Behavioural strategies for parents
There are many strategies you can use at home to increase your child’s appropriate behaviours and reduce the inappropriate, disruptive ones.
Strategies for improving communication
- Go up to your child and make direct eye contact before giving an instruction.
- Check for understanding and ask them to repeat back to you what you’ve asked them to do. E.g. “Tell me what I want you to do.”
- Give verbal directions one at a time, not in a long list.
- Gentle physical contact can help your child focus.
- Encourage your child to talk through a situation rather than just plunging in.
- Go over the steps in a procedure slowly and clearly before and during the activity, including those you and your child do together. It keeps them focused and more in control.
- Express your expectations in a written or visual form as well as verbally, such as a star chart or a checklist as again it helps your child to be focused and structured moving forward positively
Strategies for maintaining structure
- Establish predictable routines for morning and evening.
- Keep your child busy with scheduled, supervised activities, but don’t pile on so many that your child is overwhelmed.
- Make sure that they get sufficient sleep as lack of sleep makes attention problems worse, so insist that your child have a regular bedtime and enough rest.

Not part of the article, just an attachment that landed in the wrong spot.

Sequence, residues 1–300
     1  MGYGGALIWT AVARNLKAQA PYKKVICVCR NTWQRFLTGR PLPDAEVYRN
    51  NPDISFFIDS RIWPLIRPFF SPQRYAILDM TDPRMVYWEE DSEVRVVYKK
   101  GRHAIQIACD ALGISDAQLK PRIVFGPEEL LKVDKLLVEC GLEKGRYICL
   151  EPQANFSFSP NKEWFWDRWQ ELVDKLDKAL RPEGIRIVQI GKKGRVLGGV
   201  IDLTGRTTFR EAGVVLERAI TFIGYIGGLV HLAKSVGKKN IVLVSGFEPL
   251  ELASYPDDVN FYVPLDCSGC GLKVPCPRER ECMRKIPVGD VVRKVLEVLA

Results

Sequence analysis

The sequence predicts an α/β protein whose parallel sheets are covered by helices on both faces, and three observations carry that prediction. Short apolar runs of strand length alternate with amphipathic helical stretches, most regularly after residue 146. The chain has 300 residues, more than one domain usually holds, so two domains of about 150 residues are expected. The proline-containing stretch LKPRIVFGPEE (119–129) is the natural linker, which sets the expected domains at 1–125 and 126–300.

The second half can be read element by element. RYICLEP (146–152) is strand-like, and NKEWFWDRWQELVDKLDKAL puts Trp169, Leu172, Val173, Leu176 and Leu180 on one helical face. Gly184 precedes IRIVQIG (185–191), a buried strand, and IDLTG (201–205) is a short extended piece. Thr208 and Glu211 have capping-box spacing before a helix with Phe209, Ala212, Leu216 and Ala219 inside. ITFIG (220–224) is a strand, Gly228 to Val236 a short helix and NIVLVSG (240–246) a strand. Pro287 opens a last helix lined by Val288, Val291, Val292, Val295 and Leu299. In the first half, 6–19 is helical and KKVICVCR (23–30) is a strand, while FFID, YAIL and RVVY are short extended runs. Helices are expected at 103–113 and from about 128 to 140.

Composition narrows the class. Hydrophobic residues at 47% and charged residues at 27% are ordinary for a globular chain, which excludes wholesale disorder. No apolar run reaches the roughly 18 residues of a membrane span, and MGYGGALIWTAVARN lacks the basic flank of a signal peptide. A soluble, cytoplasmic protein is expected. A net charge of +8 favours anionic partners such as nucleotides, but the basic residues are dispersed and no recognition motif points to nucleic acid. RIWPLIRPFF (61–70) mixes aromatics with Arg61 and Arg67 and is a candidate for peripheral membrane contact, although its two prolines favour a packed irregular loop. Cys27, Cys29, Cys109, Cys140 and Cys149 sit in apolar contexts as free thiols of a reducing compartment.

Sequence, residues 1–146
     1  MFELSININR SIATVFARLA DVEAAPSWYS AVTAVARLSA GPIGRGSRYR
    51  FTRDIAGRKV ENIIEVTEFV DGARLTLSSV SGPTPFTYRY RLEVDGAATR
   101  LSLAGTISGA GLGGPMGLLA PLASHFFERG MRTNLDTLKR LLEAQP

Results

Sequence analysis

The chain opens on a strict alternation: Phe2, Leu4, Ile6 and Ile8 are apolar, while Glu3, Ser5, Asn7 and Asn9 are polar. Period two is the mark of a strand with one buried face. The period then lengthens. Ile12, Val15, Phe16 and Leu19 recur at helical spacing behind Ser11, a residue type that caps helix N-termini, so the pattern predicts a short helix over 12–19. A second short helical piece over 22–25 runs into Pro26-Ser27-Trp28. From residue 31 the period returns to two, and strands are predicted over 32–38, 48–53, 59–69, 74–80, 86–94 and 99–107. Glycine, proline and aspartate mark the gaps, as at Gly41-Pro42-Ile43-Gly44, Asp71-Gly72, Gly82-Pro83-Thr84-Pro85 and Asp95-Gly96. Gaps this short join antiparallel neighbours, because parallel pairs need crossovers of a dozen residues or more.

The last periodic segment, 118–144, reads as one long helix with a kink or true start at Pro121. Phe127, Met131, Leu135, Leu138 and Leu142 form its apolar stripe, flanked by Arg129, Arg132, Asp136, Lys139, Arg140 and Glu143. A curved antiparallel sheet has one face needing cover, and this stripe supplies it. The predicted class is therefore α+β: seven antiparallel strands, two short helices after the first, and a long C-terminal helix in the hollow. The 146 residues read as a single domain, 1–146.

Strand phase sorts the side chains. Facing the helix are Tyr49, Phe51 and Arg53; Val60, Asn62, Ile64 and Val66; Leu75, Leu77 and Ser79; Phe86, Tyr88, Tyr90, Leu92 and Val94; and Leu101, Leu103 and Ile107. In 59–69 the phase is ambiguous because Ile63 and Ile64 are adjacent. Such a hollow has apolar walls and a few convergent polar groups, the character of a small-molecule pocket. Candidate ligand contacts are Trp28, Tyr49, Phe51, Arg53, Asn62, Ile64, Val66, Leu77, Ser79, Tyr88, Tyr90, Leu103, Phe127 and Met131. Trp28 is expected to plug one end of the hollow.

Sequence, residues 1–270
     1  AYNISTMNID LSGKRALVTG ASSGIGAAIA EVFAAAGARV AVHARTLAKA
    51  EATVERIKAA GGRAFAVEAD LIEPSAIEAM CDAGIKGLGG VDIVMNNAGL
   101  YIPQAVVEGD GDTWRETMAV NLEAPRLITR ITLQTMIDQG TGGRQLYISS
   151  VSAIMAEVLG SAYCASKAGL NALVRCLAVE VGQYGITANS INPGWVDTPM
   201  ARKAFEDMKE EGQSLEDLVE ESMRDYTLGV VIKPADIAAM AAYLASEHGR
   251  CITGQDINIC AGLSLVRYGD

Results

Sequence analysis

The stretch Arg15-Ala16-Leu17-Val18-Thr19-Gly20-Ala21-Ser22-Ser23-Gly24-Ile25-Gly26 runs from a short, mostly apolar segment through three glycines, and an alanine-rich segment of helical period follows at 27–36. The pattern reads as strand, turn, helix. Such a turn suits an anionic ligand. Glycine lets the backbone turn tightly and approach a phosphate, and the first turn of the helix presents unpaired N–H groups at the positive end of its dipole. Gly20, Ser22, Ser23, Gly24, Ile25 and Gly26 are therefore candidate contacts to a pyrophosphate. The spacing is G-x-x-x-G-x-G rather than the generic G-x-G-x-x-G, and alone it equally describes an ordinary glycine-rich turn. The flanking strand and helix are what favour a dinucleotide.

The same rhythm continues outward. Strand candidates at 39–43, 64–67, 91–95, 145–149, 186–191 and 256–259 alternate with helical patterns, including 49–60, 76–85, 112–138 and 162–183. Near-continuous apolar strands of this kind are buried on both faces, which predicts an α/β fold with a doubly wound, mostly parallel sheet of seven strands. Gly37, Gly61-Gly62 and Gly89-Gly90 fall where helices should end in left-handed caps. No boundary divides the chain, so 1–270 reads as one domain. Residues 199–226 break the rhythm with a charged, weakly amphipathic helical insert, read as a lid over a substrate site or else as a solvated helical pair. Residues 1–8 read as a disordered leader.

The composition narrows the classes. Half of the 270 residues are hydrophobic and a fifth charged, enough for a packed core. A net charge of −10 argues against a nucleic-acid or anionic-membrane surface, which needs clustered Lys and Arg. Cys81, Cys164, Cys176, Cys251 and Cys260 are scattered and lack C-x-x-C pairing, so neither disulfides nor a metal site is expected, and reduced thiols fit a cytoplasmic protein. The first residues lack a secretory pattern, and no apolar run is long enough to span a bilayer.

- Make sure your child has a quiet, private space of his or her own as it creates a sense of peace and belonging.
- Plan ahead to make sure your child doesn’t become overtired or hungry during outings as low blood sugar levels acerbate ADHD symptoms.
- Make sure other people looking after your child and also their teachers are familiar with your daily routines and behavioural goals so everyone can sing from the same song sheet. It creates high expectations and consistency.
Strategies for improving organisation and time management
- Set up your home in an organised way: a place for everything and everything in its place.
- Your child should have a specific, regular place for doing homework, away from distractions.
- Have your child lay out clothes for the next morning before going to bed; make sure what they need to take to school is in a special place, ready to grab.
- Give your child a special notebook for writing down homework.
- Put clocks throughout the house, with a big one in your child’s bedroom to help them focus on time keeping and time management.
- Always allow plenty of time for what your child needs to do, such as homework or getting ready in the morning. Rushing just sets everyone off to a bad start and ADHD children pick up on the stressful vibes and it makes them worse.
- Build lots of regular breaks into homework time.
Using Rewards and Consequences to Promote Good Behaviour